Monumental Fail; Statue of Limitations; A Modesty Proposal (alternative titles)


Statues are all the literal rage this year: Bronzed monuments secured to a pedestal and left stoically to face the elements, and, more threatening, civic life surfing the torrents of time.

It’s supposed to be bad form to speak ill of the dead, but when they cast a long shadow over our public space, there’s going to be pushback. Or a pull-down. Eventually, anyway.

Our Hamilton statues, where we have Sir John A. Macdonald, Queen Victoria, Augustus Jones, Mohandas Gandhi, are getting more scrutiny. Most days I don’t even notice them as I pass by.

Our Hamilton quartet of statues was almost joined by a Frankie Venom. The thing that killed the former Teenage Head singer’s statue dips into the boiling cauldron that touches all statues: moral character. Some pointed out the less savoury aspect of Frankie’s life, but what, we might ask, of Sir John A. or that model wife and mother Victoria, Empress of India? Are they somehow exempt from moral scrutiny?

The root Latin word for statue is “stare” which means “to stand.” Appropriate as we stare at previous generations’ choice of heroes and, with our Google eyes filled with information, wonder how we expect complicated and flawed humans to ever be worthy of eternal respect.

A few times in my life, some well-intentioned but ultimately misguided person has suggested I go into politics, a proposition I immediately reject with my usual response that I have a checkered past and a checkered future, thereby making me a liability for political office. But perhaps in the orange glow emanating from the dump fire south of the border it’s not such a long shot after all?

But let me make a very Hamilton proposal about statues, a regional expression of that shining mythical Canadian self-deprecating character: humility. The answer, I feel, has been hiding in plain view for 85 years over on York Boulevard.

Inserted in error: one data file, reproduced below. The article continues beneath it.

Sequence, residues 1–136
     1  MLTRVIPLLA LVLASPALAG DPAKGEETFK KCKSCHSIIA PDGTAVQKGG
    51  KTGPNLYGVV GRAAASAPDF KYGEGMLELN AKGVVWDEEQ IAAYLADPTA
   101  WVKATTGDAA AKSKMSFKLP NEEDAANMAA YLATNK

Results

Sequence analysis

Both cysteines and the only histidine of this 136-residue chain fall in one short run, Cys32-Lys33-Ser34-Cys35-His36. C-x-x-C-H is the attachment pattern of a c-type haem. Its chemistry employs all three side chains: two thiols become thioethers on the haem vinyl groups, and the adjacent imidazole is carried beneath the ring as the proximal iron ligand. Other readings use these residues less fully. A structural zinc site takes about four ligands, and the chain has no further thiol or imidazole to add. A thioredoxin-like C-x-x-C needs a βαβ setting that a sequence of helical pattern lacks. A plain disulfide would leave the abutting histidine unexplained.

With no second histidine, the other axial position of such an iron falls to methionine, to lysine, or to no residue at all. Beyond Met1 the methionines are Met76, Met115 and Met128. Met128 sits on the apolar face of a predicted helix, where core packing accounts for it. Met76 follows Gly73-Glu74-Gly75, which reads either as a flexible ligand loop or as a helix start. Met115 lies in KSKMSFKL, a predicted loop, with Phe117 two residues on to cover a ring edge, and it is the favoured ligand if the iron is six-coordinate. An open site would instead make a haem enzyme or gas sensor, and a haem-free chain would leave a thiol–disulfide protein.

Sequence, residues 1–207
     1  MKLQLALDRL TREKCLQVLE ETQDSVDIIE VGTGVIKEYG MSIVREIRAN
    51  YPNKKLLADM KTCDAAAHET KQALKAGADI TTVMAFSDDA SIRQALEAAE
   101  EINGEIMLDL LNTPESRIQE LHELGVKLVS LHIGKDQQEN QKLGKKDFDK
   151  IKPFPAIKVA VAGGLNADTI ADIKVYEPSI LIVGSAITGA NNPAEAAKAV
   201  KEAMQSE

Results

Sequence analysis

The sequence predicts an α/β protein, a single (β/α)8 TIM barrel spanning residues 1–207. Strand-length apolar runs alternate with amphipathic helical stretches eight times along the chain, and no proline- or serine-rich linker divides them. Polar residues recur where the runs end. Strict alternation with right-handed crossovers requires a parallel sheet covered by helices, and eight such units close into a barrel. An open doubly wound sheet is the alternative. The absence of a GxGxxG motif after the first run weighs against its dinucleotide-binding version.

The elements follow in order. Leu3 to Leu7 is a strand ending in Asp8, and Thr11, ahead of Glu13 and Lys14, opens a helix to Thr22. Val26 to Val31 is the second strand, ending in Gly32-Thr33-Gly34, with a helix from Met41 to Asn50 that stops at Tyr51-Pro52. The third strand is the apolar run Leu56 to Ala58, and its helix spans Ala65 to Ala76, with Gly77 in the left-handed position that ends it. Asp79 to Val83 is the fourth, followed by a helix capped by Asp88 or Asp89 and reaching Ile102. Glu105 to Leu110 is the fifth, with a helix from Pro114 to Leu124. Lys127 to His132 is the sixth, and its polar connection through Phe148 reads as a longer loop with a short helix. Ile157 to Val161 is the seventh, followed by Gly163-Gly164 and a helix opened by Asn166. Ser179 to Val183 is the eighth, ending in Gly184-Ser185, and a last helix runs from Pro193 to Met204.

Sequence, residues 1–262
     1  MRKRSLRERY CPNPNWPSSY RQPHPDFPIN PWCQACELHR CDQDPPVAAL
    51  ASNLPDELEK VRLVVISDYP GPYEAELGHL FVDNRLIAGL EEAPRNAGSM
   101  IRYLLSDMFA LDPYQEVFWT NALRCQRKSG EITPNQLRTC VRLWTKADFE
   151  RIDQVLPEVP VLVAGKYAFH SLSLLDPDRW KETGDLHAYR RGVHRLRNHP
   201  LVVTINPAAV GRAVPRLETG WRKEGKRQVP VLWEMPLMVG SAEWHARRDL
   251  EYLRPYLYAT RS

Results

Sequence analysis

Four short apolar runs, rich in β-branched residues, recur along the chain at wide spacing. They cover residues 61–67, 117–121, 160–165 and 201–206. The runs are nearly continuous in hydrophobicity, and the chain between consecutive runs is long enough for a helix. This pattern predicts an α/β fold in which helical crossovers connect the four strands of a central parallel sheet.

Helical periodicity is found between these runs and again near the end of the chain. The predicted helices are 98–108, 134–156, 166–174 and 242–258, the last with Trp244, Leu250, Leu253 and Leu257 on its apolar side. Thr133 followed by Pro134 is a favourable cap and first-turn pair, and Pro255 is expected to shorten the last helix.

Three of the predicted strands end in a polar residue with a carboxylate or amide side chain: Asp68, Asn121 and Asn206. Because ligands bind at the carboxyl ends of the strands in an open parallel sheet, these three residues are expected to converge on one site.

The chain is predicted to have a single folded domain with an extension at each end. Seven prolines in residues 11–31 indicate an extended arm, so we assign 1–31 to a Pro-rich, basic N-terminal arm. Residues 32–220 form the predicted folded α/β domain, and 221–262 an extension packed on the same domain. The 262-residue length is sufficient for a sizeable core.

The four architectural pylons on the T.B McQuesten High Level Bridge spanning the Desjardins’ canal each hold an empty niche, a hollow space purposely built to hold statues of famous Canadians. Four famous Canadians. Architect John Lyle’s (scaled down) bridge design officially opened to fanfare in June 1932, and yet in the intervening eight and a half decades, no bronze toes have touched the base, no famous Canadian, or likeness of anyone, has ever graced the cavities with their form.

Yet things are good over there. Looking down from the bridge, you can watch people roller-blade, cycle, run, walk, on the cycling path far below, and catch occasional paddlers on the canal. Traffic zooms self-importantly past the niches, a cycling lane extends to connect Burlington and Hamilton, the stairs from the heights to the water’s edge are busy with people exercising or taking some leisure. Instagram feeds are steadily replenished with shots of the bay or Cootes Paradise, sunrise, sunset.

A few years ago a McMaster undergraduate, Alvand Mohtashami, made an interesting proposal for the bridge. Fill the antique niches with, not humans, but animals: a blue heron, maybe a double crested cormorant, wings spread to dry. But animals instead of famous Canadians? Can animals be famous? Even this suggestion is no doubt fraught with as yet unexplored controversy.

I suggest there shall be no battle for the niches. Most people don’t have time to stop and look, or to know the story of the empty spaces. And where does that leave us? Well, with no troubles to argue about. We should expand this method to all future public art considerations.

Google “public art” and you won’t find a recognizable human historical figure, but you will see oversized animals and abstract sculptures that build on a relationship with the surroundings and the people there. Chicago’s Cloud Gate, or as it’s commonly known, the Bean, features in tourist photos in a way standoffish Sir John A. will never know.

Monumental statues seem so last century. I’d much prefer public art that challenges my sense of importance, art that invites participation and play, almost anything over this odd, vain attachment to human heroes cast in bronze.

I’ll confess I wasn’t supportive of the Venom statue intended for Victoria Park. But I decided I could live with a concept that I would have submitted to a design contest, had we got that far: A Venom fountain; I imagine it as a long chrome tube rising from a circular base, like the microphone stand he wielded as an extension of his on stage persona. And like Venom the frontman, the fountain would spit water out at intervals. How punk rock is that? Rather than reverential, it’s playful. Gobs of fun.

Going forward, let’s show some of that Hamilton humility in our public art, and in so doing we can temporarily forget our differences and learn to play together.

By Randy Kay

Experienced not-for-profit communications and citizen engagement professional

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